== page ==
I have a pretty good article floating around my drive on police work as an "art" versus a "science". (I'll see if i can dig it up, but I'm still way behind on organization)
Essentially, the point was that there can be a mutual distrust between academia and LE professionals. Some academics look down on LEO's and don't trust field experience/department culturization, while street cops can have a distrust in "eggheads", whose ideas can run from unfeasible to purely destructive (see Cloward-Piven).
That isn't to say everyone in those respective fields feels that way, but the author felt there were enough people on both sided to make departments resistant to change led by academia.
If you also take into account organizational biases, it would be easy to say that any organization will be resistant to change.
One thing that would help would be for academics to mitigate any possible damage their research might cause; in the Kansas City Preventative Policing experiment, for example, both the department and the researchers watched for skyrocketing rates of crime, in which case they prepared to abandon the experiment
This comes back to the scarcity of resources issue; by cutting back the number of hours used in preventative patrolling, departments can target resources more efficiently, so I agree with you, this was definitely a success.
The more data you have, the more accurate your statistics are going to be (side note - I was surprised to find out how well the bell curve represented reality in my statistics class). By extending the time the experiment ran, the researchers were able to gather more data.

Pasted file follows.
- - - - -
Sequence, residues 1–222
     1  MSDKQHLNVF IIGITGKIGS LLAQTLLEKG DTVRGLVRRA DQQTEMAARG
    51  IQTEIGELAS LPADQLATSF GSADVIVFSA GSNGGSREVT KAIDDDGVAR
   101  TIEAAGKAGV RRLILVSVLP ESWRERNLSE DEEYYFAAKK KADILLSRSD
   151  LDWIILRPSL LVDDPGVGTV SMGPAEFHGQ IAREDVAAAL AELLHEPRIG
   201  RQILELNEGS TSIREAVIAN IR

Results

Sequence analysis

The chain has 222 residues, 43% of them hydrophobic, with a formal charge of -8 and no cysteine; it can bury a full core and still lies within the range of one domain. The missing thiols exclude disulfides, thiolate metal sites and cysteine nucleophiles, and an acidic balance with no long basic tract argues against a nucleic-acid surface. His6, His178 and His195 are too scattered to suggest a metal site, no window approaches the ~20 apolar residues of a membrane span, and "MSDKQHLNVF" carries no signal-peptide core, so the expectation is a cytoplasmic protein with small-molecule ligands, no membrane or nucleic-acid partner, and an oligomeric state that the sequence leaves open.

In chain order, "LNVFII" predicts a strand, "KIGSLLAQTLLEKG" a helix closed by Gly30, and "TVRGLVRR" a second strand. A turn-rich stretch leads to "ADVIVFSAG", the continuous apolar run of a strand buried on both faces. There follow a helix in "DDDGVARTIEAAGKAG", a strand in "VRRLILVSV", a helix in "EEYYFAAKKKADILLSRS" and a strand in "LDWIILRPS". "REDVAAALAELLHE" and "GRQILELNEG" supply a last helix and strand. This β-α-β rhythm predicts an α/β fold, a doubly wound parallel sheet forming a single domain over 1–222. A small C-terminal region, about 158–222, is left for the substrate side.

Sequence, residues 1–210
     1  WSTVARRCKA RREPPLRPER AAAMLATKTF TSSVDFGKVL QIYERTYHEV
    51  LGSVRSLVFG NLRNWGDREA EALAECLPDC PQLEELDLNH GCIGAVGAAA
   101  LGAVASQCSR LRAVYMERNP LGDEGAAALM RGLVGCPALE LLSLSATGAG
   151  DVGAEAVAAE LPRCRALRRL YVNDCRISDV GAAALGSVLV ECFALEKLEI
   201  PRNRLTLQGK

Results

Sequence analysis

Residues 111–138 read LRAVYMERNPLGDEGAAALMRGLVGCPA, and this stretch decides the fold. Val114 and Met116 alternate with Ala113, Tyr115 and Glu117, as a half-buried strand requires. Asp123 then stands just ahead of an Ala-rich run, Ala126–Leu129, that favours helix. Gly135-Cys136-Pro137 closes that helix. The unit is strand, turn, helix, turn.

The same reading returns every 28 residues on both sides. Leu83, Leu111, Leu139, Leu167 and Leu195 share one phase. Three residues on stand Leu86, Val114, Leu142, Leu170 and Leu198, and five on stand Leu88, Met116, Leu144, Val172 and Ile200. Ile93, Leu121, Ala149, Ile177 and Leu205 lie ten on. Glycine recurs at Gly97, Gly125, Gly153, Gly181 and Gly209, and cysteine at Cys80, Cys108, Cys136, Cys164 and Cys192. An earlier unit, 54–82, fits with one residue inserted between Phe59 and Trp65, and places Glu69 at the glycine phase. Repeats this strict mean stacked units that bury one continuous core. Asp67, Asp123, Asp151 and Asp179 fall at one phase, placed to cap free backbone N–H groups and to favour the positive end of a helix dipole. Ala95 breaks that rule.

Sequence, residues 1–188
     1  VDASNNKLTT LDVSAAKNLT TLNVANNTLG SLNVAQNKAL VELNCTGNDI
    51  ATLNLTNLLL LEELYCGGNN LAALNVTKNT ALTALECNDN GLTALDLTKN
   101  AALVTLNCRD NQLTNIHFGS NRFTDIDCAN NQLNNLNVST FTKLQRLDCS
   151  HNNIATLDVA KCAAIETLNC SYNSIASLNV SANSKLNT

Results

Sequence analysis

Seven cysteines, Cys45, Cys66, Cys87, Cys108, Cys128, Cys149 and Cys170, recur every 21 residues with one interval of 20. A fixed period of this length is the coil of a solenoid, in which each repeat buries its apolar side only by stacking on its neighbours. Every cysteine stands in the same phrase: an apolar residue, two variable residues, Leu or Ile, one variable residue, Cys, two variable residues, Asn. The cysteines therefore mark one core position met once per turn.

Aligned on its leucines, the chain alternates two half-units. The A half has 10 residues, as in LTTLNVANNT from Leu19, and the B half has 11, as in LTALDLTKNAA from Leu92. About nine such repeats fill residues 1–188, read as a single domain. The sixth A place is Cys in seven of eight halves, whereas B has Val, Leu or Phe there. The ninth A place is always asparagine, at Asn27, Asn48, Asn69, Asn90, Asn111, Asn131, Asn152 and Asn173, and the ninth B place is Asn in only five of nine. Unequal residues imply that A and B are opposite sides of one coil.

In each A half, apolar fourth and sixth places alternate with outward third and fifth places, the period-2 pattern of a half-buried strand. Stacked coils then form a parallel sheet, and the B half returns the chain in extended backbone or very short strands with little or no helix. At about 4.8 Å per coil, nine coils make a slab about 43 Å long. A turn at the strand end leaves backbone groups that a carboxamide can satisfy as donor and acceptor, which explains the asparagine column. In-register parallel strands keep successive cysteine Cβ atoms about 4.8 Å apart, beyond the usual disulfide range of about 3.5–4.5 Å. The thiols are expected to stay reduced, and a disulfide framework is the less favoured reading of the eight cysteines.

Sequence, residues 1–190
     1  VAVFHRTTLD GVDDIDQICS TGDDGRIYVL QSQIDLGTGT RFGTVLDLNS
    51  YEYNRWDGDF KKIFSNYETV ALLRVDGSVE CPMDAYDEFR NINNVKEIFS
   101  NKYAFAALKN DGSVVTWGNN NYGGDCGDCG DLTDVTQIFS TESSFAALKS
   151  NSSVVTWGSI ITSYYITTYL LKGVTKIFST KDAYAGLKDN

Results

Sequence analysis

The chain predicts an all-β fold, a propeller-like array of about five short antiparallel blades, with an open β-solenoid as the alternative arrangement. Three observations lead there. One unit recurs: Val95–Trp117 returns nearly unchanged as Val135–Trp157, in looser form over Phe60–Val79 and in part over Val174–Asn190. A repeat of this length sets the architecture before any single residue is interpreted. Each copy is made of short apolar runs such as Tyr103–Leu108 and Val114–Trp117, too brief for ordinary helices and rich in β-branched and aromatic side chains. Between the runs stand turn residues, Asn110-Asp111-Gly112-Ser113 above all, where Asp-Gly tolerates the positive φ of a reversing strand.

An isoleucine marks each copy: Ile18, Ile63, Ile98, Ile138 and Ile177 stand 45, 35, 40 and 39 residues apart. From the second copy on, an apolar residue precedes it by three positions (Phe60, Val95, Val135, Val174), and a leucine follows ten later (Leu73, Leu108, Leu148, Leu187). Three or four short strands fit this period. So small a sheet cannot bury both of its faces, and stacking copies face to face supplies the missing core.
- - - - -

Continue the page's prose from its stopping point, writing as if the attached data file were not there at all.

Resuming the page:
In addition, in covering a year, the experiment was also able to take into account seasonal variations (in summer, you'll have more unsupervised vagrants and more juveniles will be out and about)
oops, please swap vagrants and juveniles in the above!
[Withheld] brought up the targeting of "hot spots" earlier; this would be the best way to start allocation of resources. "In Minneapolis, for instance, only 3 percent of the city’s addresses accounted for 50 percent of calls for service to the police" (Braga, 2008, p.6)
The tactics of how to apply the resources is a another matter of discussion. Do you use surveillance teams, station additional reactive teams in the area, or take another tact?
Braga, A. (2008).Crime Prevention Research Review No.2: Police Enforcement Strategies to Prevent Crime in Hot Spot Areas. Washington, D.C.: U.S. Department of Justice Office of Community Oriented Policing Services,. Retrieved July 12, 2014 from